The Lightning Wine Review
I deliver a theoretical, methodological, and gastronomic introduction to the power and potential of metaphor in communication.
Swirl, Smell, Sip, & Scribe.
Wine language initiates a narrative, an expression of the wines place and the wine maker who brings it to life; it is a combination of earth and weather conditions, vineyard and grape variety; it has a cultural and historical background and a language of its own.
WSET Qualified Coach.
Wine is, after all, a definitively human phenomenon, made by people for people to experience and enjoy.
Book your group workshop now!
Social interaction, creative thinking, and collaborative problem-solving to help people re-think and transform communication.
Tailored for your group
An interactive and hands-on workshop featuring Australian wine conducted over one hour (one wine sample; red or white) or two hours (two wine samples; red and white) for academic, industry, and/or community groups for participants 18 years and over.
- For a cross-industry audience, the workshop provides a platform to demonstrate the potential for metaphor to transform and translate sensory and emotional responses. At the same time, the workshop provides an opportunity to understand how genre and metaphor works in highly specialised yet publicly accessible texts–wine reviews, tasting notes, and marketing communication–to help you reappraise communication strategies.
- For an academic audience, the workshop offers an interactive way to introduce students, researchers, and practitioners to the process of wine appreciation while facilitating a theoretical understanding of metaphor and the development of basic methodological skills in performing metaphor identification using the Metaphor Identification Procedure Vrije Universiteit (MIPVU).
Metaphor: Corkscrew of Wine Communication
Winespeak and Metaphor
Wine is embedded in cultures and aesthetics (e.g., food, fashion) and wine language is full of fuzzy concepts (e.g., the nose and bouquet; flavour and mouthfeel; finish and after taste). Somewhat disparagingly referred to as winespeak, wine communication is rich in figurative language. To this end, metaphor is a frequent feature of wine reviews and tasting notes used at the cellar door, on winery websites, or promotional materials. Metaphor is pervasive in our language, thoughts, and gestures. Metaphorical language involves two different knowledge domains: a target domain (e.g., wine) and a source domain (e.g., a person). That is, people come to understand one thing in terms of another (e.g., this wine is round—the mouthfeel given as shape; a palate full of nervous energy—an appraisal in terms of personality).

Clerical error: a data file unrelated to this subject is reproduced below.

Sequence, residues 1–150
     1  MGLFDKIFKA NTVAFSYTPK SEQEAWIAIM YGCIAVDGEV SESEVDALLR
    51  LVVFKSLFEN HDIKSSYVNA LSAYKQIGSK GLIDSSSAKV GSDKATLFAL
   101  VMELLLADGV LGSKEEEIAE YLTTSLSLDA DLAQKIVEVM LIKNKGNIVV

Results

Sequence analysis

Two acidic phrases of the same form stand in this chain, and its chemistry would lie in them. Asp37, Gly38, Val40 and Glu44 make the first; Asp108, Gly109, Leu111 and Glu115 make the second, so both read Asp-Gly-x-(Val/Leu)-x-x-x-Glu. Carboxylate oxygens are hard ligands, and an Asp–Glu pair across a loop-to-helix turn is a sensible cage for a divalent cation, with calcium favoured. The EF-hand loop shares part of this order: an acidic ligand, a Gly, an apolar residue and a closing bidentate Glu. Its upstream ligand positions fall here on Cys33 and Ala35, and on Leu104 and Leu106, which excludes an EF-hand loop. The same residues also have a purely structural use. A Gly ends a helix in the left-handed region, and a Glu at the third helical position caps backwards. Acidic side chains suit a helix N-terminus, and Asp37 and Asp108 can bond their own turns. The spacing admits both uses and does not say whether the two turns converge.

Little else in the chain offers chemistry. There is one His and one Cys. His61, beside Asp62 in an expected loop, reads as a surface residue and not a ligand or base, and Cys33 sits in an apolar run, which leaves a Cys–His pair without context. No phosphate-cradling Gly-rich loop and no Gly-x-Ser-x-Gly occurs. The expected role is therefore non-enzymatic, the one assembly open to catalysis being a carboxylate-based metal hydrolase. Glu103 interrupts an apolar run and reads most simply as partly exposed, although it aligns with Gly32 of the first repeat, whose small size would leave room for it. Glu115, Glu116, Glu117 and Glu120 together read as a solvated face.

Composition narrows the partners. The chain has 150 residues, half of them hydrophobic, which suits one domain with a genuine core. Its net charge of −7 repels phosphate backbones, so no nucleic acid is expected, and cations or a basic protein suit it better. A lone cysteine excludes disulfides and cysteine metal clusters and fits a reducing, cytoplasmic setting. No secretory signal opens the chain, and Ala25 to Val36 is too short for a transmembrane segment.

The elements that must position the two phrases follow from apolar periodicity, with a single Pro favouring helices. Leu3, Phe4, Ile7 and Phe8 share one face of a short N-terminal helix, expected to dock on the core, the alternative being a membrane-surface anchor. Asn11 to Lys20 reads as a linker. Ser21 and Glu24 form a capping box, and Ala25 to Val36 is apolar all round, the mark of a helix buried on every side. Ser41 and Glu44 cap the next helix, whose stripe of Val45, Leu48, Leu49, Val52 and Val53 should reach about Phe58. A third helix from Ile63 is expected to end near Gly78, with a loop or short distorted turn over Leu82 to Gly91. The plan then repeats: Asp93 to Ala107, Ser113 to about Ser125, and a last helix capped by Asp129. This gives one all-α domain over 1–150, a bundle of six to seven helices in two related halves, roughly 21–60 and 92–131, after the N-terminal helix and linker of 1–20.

Personification of Wine
Wine consumers experience more of the intrinsic characteristics of a wine after they receive product information. Therefore, effective communication is important because it underpins growth in wine knowledge that, in turn, contributes to growth in wine consumption. Wine is frequently appreciated in terms of human-like qualities. Such personification can be an effective communication strategy in the cellar door and as a tool for wine education. Personification is where a product or brand is talked about to engage consumers via their experiences of it in terms of its similarity to and relatedness to people. “Marketers can use a variety of visual, verbal and metaphorical tools to activate knowledge of a ‘human’ schema and, thereby, enhance consumers’ tendencies to perceive brands in anthropomorphic ways” (MacInnis & Folkes, 2017, p. 37).
For instance, a wine has a voice: announce, sing, whisper, or suggest; wine has psychological features: confident, honest, mellow, or brooding; wine has physical attributes: heart, nerve, and backbone; and, wine has aesthetic properties: gorgeous, luscious, and youthful.
The personification of wine helps people understand the wine experience through figurative language frames. A figurative frame captures information to make an unknown, abstract and/or complex issue more concrete and comprehensible. Such framing utilises metaphorical language to personify and story the wine experience. Therefore, what is and what is not an effective frame is an important area of research to uncover the proactive capability of figurative frames in wine communication directed at different groups of wine tourist.
The Persuasive Power of Metaphor
Metaphor can be an educational “corkscrew” to open up wine to consumers. Consumer behaviour studies of metaphoric language in advertising and promotion indicate that metaphoric expressions are more persuasive than literal speech (Tom & Eves, 1999). When seen as a resource, metaphor analysis has the power to uncork the potential of wine language and enhance wine education.
Reference: Creed, A., & McIlveen, P. (2018). Uncorking the potential of wine language for young wine tourists. In M. Sigala & R. Robinson (Eds.). The market of wine tourism: Profiling, segmentation, and behaviour. London, England: Palgrave McMillan.
Dali wine photo https://www.ryanroessler.com/popup_07.htm